If you have concerns after reviewing the possible symptoms, it is important to find a professional who has training and experience in diagnosing ASD.  It can be difficult to know where to go and who to see, but there are some guidelines you can use to help select the correct person.  There is a book that is published by the American Academy of Pediatrics, Autism Spectrum Disorders: What Every Parent With Autism Needs to Know (https://ebooks.aappublications.org/content/autism-spectrum-disorders) that I often recommend this to parents when they first receive a diagnosis of ASD or are considering pursuing an assessment for their child.  If your child is diagnosed with ASD and you want to pursue services covered by insurance or Medicaid, you will need specific testing to get the services paid for.  Most payors require the Autism Diagnostic Observation Schedule, Second Edition (ADOS-2).  This is a test usually administered by a psychologist, but there are other professionals that can do the ADOS-2 with appropriate training.  It would be important to make sure whoever you are seeing for a potential diagnosis can complete the ADOS-2.  The Health Department has a list of providers who can provide this assessment which includes our Psychological Services and Carmen B. Pingree Autism Center of Learning programs at Valley Behavioral Health.  The following link is where you can find the list of providers who can provide the ADOS https://health.utah.gov/cshcn/pdf/Autism/Autism%20Evaluations.pdf.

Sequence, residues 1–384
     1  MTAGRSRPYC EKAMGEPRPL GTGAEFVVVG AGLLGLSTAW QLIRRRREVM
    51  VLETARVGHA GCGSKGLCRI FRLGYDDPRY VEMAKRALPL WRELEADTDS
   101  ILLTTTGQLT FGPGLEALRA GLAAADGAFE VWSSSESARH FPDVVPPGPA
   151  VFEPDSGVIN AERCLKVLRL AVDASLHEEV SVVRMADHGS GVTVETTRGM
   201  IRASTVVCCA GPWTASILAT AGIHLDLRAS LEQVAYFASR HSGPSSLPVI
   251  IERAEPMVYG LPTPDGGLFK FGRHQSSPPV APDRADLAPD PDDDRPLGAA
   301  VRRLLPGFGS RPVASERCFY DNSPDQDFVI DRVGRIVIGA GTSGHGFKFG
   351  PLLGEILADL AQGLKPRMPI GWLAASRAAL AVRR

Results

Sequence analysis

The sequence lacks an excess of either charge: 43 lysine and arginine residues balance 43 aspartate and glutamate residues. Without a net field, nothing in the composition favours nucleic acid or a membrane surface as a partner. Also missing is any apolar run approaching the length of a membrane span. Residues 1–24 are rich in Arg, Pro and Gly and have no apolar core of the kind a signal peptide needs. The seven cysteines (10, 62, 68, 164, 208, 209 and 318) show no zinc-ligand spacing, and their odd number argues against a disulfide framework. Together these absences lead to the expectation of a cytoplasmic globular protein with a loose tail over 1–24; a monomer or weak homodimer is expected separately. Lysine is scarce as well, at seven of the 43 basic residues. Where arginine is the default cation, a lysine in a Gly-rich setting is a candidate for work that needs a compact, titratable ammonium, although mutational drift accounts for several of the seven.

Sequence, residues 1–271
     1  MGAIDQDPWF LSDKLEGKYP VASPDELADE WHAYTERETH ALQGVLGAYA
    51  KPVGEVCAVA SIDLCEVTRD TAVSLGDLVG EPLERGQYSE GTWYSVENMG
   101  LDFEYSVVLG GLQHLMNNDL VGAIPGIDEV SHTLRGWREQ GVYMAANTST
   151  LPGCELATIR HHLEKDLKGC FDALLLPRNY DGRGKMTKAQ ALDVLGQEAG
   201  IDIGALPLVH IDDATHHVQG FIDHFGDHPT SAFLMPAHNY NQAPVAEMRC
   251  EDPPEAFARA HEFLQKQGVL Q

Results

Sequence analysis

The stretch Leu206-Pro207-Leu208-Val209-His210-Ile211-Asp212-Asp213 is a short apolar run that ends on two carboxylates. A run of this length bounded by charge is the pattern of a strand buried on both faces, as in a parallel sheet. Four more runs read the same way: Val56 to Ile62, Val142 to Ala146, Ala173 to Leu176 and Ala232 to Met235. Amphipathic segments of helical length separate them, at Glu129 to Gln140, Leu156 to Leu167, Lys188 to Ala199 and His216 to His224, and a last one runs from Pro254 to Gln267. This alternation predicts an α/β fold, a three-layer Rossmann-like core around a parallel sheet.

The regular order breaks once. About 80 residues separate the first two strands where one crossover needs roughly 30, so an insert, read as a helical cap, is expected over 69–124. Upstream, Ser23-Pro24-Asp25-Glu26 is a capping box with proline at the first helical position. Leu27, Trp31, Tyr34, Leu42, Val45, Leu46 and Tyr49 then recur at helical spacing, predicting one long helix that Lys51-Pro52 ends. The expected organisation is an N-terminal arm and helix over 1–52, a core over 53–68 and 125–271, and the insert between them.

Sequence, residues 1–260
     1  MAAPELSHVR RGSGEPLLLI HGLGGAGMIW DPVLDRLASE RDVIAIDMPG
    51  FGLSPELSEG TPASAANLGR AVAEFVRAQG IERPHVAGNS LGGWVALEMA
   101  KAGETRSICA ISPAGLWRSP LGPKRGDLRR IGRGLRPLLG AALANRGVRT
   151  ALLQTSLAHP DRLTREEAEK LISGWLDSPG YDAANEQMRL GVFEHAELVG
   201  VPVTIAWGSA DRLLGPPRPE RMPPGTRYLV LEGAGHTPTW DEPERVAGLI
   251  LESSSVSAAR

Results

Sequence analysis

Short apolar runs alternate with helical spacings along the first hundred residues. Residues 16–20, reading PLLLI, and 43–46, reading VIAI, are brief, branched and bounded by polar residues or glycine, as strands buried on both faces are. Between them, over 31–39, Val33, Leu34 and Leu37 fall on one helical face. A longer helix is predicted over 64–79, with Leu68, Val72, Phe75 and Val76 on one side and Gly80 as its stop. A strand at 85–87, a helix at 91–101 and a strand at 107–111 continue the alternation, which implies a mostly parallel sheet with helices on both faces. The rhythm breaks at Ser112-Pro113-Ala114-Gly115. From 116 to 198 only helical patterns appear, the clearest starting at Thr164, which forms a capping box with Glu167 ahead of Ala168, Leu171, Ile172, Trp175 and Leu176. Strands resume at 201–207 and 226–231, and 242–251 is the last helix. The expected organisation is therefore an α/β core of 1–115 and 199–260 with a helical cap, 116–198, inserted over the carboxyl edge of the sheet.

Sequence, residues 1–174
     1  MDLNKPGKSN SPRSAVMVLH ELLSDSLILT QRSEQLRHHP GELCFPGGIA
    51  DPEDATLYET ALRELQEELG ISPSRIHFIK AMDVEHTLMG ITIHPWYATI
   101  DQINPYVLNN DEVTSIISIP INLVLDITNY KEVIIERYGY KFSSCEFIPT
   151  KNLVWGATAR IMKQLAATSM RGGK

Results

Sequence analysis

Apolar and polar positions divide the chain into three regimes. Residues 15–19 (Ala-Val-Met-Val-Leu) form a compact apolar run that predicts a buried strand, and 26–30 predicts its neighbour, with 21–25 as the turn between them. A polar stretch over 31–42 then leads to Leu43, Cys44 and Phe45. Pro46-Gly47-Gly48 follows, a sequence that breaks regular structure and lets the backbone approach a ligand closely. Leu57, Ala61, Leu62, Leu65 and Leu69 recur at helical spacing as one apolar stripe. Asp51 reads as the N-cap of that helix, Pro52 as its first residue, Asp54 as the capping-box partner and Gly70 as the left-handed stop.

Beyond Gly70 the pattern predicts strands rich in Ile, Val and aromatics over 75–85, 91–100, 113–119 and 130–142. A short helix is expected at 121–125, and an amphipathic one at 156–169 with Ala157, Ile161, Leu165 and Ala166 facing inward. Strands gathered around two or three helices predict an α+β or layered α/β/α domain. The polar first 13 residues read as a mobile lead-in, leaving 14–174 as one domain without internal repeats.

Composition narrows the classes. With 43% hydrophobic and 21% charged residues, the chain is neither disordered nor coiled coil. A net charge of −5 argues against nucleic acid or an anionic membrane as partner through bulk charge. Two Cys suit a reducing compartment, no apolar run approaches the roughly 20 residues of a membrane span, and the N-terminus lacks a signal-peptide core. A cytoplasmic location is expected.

If the person you suspect of having ASD is an adult, they can pursue a similar process.  Many adults, particularly those who have higher language and cognitive skills, have gone undiagnosed.  Often, their more subtle symptoms are not as easily identified.  Prior to the last few decades, there was also a misunderstanding or complete lack of knowledge of ASD for many professionals.  They were not trained properly to assess and diagnose ASD so many people went without a diagnosis until they decided to pursue a diagnosis in adulthood.  Many people report that they always felt “different” or struggled socially so they now want to find out why.  Adults pursuing a diagnosis are often able to identify that they struggle with eye contact or social situations and that is what is the catalyst for pursuing an assessment.  While the individual would experience similar symptoms to those listed above, it would need to be confirmed that those symptoms were also present during the developmental years.  It would still be important to see someone who has experience and training with ASD specifically, but there may not be the need for an ADOS-2 since many in this group do not require intensive services covered by insurance or Medicaid as adults.

One of the more difficult conversations to have is when you suspect a family member, a friend, or a friend’s family member has ASD.  Many people struggle with how to talk to them about it and help them navigate the next steps.  It can be very intimidating and scary for parents to hear that there is a suspicion of ASD, but it is also important for ASD to be identified as early as possible so the child can get the treatment that can make significant impacts for them long-term.

If you suspect you or a family member has ASD and you would like additional information, contact us today.